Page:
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Spice Up Leg Day With These 4 Squat Variations

Burned out on squats? Try these four variations, and your mind and body will thank you.

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Squats: The skier’s favorite exercise (whether you choose to read heavy sarcasm into that is up to you).

If you’re not a fan of squats, maybe it’s because you’re burnt out on them. And if you’re only incorporating the standard, run-of-the-mill variety, we don’t blame you. That squat move is boring as all get-out.

You also may not be seeing great results from performing the standard squat over and over again, which can be demotivating. Big muscle and strength gains come from constantly challenging the body with new moves that force different muscles to fire, or require the same muscles to fire in new patterns. Routinely performing the same exercise—or set of exercises—is not only boring for you but makes your muscles complacent, which means they don’t have to work as hard.

So if you (or your body) are bored with the standard squat, try incorporating one or all of the following variations into your workout routine. Each of these targets the same big muscles of the lower body as the traditional squat—the glutes, hamstrings, quads, and muscles of the hip complex—but they increase the challenge by adding resistance and/or requiring different stabilizer muscles to kick in.

In other words, this increased challenge is the cure to your squat boredom.

Related: Fitness Inspiration for Skiers Who Hate Working Out in the Summer

Goblet Squats

This move is very similar to a traditional squat, but adds resistance and also works the adductor muscles of the inner thighs because you’re squatting in a wider stance with toes externally rotated.

Athlete performs goblet squat in gym
For the goblet squat, externally rotate feet so that you work the adductor muscles as you descend into the squat. Photo: Tory Powers
  1. Take a wider than hip-width stance with your feet slightly turned out and holding a kettlebell or dumbbell near your sternum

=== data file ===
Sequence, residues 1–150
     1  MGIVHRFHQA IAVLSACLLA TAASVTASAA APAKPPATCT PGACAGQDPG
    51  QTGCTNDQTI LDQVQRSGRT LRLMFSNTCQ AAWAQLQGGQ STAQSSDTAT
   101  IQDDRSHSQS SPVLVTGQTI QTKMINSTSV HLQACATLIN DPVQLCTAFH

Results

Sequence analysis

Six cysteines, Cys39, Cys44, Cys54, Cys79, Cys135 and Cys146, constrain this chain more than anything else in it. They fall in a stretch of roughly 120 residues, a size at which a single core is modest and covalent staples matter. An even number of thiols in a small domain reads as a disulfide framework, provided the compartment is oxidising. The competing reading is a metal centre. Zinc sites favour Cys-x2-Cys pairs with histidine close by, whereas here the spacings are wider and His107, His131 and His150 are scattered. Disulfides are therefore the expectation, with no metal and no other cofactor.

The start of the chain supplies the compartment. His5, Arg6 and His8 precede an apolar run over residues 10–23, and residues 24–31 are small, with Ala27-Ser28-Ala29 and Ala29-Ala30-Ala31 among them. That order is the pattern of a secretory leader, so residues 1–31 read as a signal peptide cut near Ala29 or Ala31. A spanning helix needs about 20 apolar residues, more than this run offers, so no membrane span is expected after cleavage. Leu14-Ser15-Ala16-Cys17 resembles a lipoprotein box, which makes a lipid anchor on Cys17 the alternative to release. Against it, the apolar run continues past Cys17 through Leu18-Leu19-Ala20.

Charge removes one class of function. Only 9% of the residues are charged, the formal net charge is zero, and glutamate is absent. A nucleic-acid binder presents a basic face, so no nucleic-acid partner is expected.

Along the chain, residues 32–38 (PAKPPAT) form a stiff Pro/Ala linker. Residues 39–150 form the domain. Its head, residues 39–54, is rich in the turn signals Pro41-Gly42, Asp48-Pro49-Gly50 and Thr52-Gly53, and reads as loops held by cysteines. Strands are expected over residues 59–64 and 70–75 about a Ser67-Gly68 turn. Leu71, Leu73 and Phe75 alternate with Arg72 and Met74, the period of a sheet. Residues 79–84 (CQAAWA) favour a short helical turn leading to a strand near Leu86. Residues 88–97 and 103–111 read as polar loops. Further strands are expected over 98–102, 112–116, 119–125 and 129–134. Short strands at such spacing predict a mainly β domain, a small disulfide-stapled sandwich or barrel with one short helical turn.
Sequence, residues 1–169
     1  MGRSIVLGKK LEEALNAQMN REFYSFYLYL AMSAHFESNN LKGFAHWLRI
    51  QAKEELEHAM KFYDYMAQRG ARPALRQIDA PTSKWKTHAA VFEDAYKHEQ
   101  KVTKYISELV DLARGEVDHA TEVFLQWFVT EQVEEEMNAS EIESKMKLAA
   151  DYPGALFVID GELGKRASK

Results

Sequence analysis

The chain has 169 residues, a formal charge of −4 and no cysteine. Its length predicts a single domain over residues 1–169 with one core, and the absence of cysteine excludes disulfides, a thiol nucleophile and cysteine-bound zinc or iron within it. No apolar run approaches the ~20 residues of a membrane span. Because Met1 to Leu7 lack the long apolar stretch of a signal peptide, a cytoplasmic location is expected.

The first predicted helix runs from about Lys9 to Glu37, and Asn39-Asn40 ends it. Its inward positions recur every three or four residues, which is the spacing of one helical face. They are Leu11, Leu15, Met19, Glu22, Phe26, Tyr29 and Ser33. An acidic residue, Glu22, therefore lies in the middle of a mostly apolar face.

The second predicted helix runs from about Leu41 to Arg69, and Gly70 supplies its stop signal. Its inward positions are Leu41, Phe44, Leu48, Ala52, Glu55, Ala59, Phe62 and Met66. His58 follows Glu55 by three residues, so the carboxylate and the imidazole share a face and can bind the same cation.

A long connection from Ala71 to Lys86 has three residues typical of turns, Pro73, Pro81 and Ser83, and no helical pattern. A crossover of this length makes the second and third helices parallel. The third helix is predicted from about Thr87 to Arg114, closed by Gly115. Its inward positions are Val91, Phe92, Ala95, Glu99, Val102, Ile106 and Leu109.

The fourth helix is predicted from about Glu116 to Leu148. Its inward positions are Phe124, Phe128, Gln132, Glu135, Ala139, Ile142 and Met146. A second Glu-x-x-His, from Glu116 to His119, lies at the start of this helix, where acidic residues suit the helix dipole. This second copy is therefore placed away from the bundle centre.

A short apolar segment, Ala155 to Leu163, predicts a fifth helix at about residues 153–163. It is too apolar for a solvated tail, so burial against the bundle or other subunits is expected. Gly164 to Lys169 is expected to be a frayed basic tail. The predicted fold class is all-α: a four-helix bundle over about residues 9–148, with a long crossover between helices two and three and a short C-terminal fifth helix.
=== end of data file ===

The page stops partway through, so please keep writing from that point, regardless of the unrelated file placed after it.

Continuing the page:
2. Keeping your chest upright, descend into a squat, making sure to push hips back and keep knees from collapsing inward
  3. Hold for a beat, then push through your heels to return to a standing position
Athlete performs goblet squat in gym
As you descend into the goblet squat, be sure to keep your knees in line with your toes—don’t let them collapse inward. Photo: Tory Powers

TRX Pistol Squat

Pistol squats are no joke. If you don’t yet have the strength or form to complete a single-leg pistol squat, start with the TRX-assisted version.

Athlete performs TRX pistol squat in gym
TRX-assisted pistol squats are a great way to work up to unassisted pistol squats. Photo: Tory Powers
  1. With TRX handles at hip height, take a few steps back until there is no slack in the TRX straps
  2. Raise one leg off the floor, extend with foot flexed, and push your hips back to lower into a single-leg squat. Use the TRX to assist you in lowering to at least 90-degrees. The slower you lower yourself, the more your muscles will be required to work.
  3. Hold at the bottom of the squat for a beat, then return to standing by pushing through your standing leg

Eccentric Pistol Squat

This variation of a single-leg squat works your balance and challenges your leg muscles with eccentric contractions (negative work). Eccentric contractions are key to ensuring muscle symmetry and injury prevention.

Athlete performs eccentric pistol squat in gym
Including eccentric work in your exercise routine is essential to making sure your muscles are balanced. Photo: Tory Powers
  1. Stand laterally on a plyo box, step, or bench
  2. Shift weight into one leg and squat to slowly lower the other leg down the side of the box, as if stepping down.
  3. The slower you descend, the more work your muscles have to do
  4. Go as low as you can, keeping chest upright and hips shifted back
  5. Push through the standing leg to return to starting position

Dumbbell/Kettlebell Front Squats

This squat variation is very similar to the traditional squat but adds resistance. By holding weight (a barbell or kettlebells/dumbbells) in front of your shoulders as you squat, you load the quads and require the front of your legs to work harder.

Athlete performs loaded front squat in gym
By adding resistance and loading the resistance in front of the shoulders, you increase the amount of load on the front of the legs/quads in this squat variation. Photo: Tory Powers
  1. Start with feet hip-width apart, holding a barbell or two weights in front of your collarbones
  2. Hinge at the hips and bend knees to descend into squat, keeping chest upright and weight level with shoulders
  3. Hold at the bottom of the squat for a beat, then drive into the heels to return to standing

Get the full workout: SKI’s 8-Week Injury Prevention Fitness Course


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